This paper analyses the fiscal policy measures adopted by African countries in response to COVID-19 and how these impact progress on their climate change actions of the countries. Specially, it analyses the climate friendliness of the immediate fiscal responses that were adopted by six African countries namely: Nigeria, South Africa, Senegal, Tanzania, Uganda and Benin when the pandemic first hit. The analysis focuses on measures that were included as part of the fiscal stimulus packages designed to address the economic fallout from the COVID-19 pandemic while acknowledging that countries may have undertaken more climate change action outside of these packages. Our Donor This project is supported by the International Development Research Centre (IDRC). The IDRC is a Canadian federal Crown corporation. It is part of Canada’s foreign affairs and development efforts and invests in knowledge, innovation, and solutions to improve the lives of people in the developing world. 3 COVID-19 Fiscal Policy Response and Climate Change Action in Africa It is found that while the focus of countries was to minimise macroeconomic vulnerabilities and welfare losses, some of the measures adopted have implications on the climate response of the respective countries. Nigeria, the only country among the six with clean energy spending in its stimulus package, had an overall green stimulus package. South Africa, the biggest polluter among the six countries (and in Africa) adopted a climate neutral package while Uganda, the least polluting country of the six adopted a climate unfriendly package owing to its acceleration of the construction of environmentally unfriendly industrial parks. Lastly, Tanzania, Senegal and Benin had no climate related policies, thus making their stimulus packages climate neutral. Looking at the policy measures in the stimulus packages, opportunities are identified for these countries and others in Africa to exploit and move towards a greener recovery. These include expanding the packages to include clean energy projects financed through green financing facilities, imposing carbon taxes to help consolidate their deteriorating fiscal positions while simultaneously reducing pollution, and contributing to the development of green finance segments by putting in place a regulatory framework to incentivise financial market players to develop and issue green products.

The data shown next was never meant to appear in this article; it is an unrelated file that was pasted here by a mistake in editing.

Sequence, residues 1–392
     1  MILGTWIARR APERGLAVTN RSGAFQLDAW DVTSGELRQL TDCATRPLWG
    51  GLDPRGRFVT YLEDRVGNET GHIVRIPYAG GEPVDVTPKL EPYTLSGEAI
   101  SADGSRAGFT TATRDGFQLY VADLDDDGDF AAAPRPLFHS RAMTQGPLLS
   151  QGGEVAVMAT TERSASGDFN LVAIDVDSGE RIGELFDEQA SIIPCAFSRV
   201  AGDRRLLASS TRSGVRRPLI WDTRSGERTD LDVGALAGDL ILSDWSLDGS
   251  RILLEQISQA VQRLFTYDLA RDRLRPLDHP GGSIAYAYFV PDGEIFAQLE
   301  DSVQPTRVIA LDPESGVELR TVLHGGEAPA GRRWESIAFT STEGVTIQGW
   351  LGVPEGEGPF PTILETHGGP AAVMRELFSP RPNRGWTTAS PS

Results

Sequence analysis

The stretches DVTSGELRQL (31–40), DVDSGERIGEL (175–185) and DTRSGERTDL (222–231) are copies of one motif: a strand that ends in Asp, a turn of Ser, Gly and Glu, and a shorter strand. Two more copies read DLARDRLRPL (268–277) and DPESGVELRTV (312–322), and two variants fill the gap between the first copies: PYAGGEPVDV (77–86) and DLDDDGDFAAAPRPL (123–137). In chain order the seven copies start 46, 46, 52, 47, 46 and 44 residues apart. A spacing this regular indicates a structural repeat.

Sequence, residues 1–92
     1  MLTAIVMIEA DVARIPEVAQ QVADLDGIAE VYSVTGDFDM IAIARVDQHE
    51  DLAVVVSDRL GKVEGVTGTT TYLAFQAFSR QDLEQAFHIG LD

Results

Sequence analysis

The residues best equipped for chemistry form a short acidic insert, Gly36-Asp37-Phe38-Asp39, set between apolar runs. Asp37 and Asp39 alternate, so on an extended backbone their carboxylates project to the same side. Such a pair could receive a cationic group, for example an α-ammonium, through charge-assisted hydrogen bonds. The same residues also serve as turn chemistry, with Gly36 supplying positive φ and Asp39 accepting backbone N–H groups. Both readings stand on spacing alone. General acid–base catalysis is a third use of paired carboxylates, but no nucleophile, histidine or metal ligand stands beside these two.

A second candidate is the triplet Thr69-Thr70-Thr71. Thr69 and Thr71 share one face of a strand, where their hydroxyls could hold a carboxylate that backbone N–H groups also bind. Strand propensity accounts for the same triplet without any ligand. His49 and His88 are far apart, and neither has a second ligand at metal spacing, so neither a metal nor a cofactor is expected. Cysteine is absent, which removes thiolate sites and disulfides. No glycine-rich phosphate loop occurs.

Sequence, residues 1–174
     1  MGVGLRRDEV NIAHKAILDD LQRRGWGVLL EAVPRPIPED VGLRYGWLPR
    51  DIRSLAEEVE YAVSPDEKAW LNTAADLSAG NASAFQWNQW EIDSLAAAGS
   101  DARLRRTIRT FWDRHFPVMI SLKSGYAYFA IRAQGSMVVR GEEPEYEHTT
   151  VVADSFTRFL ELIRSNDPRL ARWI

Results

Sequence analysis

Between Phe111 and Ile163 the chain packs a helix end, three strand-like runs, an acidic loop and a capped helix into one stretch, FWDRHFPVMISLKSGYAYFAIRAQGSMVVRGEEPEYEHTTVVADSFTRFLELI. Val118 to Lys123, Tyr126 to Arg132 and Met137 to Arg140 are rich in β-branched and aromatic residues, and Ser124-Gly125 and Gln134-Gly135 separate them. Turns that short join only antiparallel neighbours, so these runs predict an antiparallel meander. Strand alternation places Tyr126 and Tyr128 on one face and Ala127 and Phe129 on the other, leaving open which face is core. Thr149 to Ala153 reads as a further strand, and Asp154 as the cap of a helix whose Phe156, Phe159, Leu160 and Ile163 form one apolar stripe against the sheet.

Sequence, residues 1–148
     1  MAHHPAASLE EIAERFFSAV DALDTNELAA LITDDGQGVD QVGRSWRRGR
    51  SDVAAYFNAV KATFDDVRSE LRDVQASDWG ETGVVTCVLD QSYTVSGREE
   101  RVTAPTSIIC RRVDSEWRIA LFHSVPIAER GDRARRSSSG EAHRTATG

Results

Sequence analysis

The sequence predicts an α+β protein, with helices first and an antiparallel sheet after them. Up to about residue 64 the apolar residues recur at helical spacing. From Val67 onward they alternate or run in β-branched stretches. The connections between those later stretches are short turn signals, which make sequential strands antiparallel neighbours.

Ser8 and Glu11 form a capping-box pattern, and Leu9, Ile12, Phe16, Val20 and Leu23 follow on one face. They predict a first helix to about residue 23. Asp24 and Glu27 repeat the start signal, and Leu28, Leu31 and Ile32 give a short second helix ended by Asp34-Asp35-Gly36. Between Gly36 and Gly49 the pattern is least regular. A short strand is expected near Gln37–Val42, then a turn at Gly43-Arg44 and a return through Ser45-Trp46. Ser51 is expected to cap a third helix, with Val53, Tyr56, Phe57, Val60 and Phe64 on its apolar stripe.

This article was first published at SAIIA